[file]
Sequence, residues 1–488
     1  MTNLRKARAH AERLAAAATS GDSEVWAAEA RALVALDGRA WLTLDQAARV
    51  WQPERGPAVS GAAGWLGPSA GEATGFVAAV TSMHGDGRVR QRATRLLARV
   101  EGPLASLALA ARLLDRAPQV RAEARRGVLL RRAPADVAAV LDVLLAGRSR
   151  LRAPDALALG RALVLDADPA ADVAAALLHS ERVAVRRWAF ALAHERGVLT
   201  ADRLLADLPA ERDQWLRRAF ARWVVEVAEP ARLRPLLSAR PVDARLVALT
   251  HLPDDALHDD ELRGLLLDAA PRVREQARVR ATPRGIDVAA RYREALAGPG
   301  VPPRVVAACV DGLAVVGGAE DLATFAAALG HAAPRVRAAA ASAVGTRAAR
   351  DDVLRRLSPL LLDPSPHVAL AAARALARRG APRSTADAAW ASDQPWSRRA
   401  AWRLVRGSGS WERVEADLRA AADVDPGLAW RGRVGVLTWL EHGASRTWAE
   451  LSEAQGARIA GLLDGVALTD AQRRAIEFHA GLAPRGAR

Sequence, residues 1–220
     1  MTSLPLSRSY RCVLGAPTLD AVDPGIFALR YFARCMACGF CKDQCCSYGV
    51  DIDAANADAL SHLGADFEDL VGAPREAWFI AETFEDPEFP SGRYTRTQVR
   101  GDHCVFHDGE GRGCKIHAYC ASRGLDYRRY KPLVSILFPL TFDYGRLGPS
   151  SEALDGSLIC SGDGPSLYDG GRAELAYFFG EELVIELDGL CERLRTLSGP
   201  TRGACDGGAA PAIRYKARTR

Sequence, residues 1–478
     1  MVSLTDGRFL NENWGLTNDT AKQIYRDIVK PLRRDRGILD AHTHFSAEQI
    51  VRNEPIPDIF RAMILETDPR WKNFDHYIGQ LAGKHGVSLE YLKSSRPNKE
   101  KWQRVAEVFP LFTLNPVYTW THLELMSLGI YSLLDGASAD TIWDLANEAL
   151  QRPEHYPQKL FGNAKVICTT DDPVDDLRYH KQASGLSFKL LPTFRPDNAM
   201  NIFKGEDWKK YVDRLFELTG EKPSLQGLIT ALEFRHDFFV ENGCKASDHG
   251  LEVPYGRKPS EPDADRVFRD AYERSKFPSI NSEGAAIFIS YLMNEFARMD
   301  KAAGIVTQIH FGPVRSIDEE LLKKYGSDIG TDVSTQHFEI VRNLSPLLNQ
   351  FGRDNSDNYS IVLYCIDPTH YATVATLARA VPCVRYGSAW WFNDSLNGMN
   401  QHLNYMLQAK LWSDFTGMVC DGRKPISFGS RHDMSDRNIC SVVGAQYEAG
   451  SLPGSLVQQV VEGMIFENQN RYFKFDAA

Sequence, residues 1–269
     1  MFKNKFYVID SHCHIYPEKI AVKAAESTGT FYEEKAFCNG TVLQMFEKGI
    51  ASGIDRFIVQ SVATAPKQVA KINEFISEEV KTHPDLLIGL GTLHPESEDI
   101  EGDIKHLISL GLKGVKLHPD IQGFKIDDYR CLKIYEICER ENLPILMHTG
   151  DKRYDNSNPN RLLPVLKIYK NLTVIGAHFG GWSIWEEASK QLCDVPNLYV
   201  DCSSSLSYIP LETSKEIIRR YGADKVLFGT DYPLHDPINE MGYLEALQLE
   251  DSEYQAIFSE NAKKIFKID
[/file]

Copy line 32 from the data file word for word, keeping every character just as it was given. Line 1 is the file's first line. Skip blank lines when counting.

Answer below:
   101  EGDIKHLISL GLKGVKLHPD IQGFKIDDYR CLKIYEICER ENLPILMHTG